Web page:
"From this day forward, a new vision will govern our land. From this day forward, it's going to be only America first, America first." -- President Trump, inaugural address,
President Trump is something of a paradox. He roots himself in nostalgia for yesteryear -- "Make America great again!" -- but is remarkably unconcerned with history. He ransacks the past for rhetorical baubles but declines to carry their historical baggage too.
In 2015, a
He invokes the "forgotten man" as if he invented the term, never indicating that it was one of
His inaugural address made almost no reference to American history. His populist rejection of the status quo and the establishment suggests that he thinks the country is starting over at Year Zero. Indeed, he repeated a standard campaign line that at least some historians might quibble with: that he was elected by a "historic movement, the likes of which the world has never seen before."
Which brings us to "America first," a slogan the president seems to have first absorbed from a New York Times reporter trying to characterize the candidate's positions. As with "silent majority," Trump refuses to accept what that term means to many of the people who hear him use it.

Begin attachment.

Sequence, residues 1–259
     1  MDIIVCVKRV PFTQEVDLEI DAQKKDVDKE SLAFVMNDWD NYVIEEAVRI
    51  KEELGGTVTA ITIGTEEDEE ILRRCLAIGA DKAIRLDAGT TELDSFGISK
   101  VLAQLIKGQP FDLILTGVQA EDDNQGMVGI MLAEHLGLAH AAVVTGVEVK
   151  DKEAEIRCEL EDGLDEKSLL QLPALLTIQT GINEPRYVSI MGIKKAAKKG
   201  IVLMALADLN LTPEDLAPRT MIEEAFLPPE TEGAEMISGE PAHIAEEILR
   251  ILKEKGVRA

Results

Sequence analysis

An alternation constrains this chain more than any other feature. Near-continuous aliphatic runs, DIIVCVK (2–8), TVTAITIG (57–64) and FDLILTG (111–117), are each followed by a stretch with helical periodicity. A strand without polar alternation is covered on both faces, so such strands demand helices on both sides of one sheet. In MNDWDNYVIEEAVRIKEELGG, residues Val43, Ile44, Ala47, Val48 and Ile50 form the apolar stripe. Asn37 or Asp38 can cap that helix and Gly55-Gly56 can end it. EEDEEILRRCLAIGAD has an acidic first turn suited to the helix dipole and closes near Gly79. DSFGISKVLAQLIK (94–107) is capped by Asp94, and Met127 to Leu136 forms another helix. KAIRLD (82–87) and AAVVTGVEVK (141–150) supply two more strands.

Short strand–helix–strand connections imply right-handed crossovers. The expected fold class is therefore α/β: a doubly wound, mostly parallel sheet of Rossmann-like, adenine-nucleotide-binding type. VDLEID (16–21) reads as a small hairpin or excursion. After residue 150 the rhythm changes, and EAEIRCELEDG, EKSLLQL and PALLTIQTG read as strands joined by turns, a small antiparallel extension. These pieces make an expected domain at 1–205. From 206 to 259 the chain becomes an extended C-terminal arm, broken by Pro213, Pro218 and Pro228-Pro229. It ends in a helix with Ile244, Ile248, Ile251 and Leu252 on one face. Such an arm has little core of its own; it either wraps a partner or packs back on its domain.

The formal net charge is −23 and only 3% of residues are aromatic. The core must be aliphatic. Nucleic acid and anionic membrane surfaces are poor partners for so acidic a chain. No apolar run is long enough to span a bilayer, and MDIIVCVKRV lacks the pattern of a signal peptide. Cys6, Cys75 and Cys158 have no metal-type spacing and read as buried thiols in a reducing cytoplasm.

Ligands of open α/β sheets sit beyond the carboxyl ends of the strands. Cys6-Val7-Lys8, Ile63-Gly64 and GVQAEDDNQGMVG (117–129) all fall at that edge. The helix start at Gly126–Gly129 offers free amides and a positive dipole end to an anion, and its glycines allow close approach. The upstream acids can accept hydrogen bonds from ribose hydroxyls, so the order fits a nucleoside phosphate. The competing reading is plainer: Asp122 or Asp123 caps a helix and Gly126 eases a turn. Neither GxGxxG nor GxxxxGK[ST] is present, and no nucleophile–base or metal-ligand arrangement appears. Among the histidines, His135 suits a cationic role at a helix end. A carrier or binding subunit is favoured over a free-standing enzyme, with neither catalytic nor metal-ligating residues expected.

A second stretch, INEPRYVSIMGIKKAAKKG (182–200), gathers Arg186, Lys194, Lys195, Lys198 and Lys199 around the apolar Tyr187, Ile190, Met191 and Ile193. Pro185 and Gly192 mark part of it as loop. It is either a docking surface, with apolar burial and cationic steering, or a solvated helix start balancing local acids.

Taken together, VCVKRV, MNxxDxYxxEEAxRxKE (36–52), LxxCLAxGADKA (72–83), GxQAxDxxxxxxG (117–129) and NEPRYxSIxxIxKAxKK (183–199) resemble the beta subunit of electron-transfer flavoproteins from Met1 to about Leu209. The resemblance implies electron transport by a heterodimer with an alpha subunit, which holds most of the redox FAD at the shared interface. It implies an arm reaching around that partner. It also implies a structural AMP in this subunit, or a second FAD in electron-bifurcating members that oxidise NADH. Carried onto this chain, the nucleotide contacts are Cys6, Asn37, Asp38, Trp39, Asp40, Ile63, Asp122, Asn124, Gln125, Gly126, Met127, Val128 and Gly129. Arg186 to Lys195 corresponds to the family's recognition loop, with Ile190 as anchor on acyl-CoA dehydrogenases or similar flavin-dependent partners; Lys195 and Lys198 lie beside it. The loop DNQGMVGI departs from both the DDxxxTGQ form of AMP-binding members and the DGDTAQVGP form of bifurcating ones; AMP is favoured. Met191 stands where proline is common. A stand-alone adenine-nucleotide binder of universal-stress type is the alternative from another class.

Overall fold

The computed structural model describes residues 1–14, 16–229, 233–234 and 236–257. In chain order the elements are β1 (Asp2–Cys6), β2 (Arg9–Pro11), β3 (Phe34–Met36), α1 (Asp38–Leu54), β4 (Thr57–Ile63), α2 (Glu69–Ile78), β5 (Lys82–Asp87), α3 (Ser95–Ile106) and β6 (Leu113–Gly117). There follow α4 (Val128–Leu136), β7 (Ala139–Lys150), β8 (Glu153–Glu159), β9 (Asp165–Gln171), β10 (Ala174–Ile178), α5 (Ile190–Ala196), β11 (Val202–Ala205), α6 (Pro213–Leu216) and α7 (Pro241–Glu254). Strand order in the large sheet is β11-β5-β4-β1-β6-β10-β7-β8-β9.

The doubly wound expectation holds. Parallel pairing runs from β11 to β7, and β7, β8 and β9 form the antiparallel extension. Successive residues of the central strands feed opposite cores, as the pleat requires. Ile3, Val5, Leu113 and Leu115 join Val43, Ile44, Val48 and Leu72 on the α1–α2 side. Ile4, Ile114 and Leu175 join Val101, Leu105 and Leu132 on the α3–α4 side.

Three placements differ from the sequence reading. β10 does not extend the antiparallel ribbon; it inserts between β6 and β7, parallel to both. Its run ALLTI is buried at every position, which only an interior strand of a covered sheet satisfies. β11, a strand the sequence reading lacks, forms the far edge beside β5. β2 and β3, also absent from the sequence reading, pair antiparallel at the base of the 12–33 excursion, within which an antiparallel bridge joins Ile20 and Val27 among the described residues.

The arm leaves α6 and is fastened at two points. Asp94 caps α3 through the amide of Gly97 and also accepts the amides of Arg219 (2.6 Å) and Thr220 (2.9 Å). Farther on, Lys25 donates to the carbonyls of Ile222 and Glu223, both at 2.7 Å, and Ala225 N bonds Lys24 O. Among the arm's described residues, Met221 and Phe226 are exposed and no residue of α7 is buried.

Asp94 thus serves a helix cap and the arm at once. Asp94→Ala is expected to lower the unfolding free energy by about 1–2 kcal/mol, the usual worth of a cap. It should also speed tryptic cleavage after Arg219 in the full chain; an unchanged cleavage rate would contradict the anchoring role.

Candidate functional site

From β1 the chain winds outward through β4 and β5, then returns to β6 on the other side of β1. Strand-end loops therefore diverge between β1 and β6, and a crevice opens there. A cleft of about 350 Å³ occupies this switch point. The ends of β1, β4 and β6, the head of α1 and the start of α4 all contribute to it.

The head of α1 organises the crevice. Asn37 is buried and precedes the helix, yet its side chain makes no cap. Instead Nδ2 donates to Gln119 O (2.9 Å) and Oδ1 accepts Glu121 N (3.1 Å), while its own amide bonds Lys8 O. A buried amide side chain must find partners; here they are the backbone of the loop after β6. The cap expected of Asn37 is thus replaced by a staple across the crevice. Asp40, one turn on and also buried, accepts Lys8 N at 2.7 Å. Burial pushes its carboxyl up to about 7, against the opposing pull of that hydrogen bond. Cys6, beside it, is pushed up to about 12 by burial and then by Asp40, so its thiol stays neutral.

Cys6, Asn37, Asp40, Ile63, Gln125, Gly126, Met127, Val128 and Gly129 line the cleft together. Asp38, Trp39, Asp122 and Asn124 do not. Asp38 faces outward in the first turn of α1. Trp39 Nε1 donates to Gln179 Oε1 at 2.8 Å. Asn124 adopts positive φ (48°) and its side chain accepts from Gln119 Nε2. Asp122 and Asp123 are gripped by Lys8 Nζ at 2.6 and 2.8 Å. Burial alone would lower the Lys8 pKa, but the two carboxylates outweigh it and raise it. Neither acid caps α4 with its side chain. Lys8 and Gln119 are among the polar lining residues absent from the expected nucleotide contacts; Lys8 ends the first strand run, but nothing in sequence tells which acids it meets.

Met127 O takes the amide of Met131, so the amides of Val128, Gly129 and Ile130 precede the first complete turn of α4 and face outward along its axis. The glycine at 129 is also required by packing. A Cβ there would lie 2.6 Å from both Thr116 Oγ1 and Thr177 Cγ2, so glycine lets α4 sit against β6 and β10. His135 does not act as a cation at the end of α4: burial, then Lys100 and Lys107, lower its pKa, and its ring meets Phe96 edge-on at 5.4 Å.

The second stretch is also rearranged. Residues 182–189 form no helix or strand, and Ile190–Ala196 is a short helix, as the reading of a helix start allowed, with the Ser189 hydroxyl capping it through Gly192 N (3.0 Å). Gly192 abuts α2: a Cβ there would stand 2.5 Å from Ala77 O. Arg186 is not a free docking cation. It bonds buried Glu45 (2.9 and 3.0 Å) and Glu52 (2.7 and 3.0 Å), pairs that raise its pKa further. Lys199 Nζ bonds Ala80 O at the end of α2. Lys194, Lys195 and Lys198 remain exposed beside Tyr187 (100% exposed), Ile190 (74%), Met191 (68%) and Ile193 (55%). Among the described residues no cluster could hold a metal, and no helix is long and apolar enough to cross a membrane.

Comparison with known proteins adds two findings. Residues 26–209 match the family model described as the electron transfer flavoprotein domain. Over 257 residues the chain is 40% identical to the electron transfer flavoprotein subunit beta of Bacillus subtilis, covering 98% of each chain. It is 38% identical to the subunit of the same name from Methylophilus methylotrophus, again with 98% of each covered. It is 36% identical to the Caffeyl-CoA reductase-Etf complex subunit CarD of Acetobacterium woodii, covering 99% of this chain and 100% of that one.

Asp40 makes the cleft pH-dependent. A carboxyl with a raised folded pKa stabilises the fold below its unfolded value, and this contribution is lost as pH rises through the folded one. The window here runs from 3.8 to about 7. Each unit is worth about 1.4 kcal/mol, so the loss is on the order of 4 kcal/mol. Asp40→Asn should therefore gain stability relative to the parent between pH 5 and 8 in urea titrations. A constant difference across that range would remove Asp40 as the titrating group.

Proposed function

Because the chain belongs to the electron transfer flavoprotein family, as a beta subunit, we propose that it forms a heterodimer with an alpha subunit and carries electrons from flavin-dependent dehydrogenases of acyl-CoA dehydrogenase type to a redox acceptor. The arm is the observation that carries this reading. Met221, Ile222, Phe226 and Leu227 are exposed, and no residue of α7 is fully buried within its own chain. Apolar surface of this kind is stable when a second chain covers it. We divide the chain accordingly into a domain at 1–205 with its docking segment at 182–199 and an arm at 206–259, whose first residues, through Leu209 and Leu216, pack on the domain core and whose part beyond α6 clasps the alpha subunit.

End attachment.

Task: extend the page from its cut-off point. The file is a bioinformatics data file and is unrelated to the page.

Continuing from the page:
Granted, it's more complicated than mainstream journalists would have you believe.
The America First Committee was founded in the spring of 1940 by isolationist students at
But other allies in the isolationist or "non-interventionist" cause included
The entire purpose of the America First Committee was to keep FDR from dragging the
The isolationists had largely fought FDR to a political standstill until
That Trump could so easily adopt "America first" without being hobbled by its negative connotation was a political coup. He insists that it's just a catchphrase for prioritizing American interests. Even though the term is both catnip and dog whistle to some of his more unsavory fans, I think he's sincere.
Still, my problem with Trump's version of "America first" isn't his desire to do what is in America's best interests -- who could oppose that? It's how he defines America's best interest -- and its best self. With his blind eye to the past, he's stumbled into old-fashioned nationalism.
Up until very recently, American exceptionalism -- i.e., we are a creedal nation dedicated to certain principles reflected in our founding documents -- largely defined the conservative understanding of patriotism.
Trump, however, sees America more as an identity than an idea. He promised that America's example "will shine for everyone to follow," but he defined that example not in terms of our liberties or ideals, but in terms of unity. We will rebuild "our country with American hands and American labor" following "two simple rules: buy American and hire American." We will shine through our success at building infrastructure, walling off our economy and crushing our enemies.
All in all, this is no "new vision" -- though it is arguably new for an American president.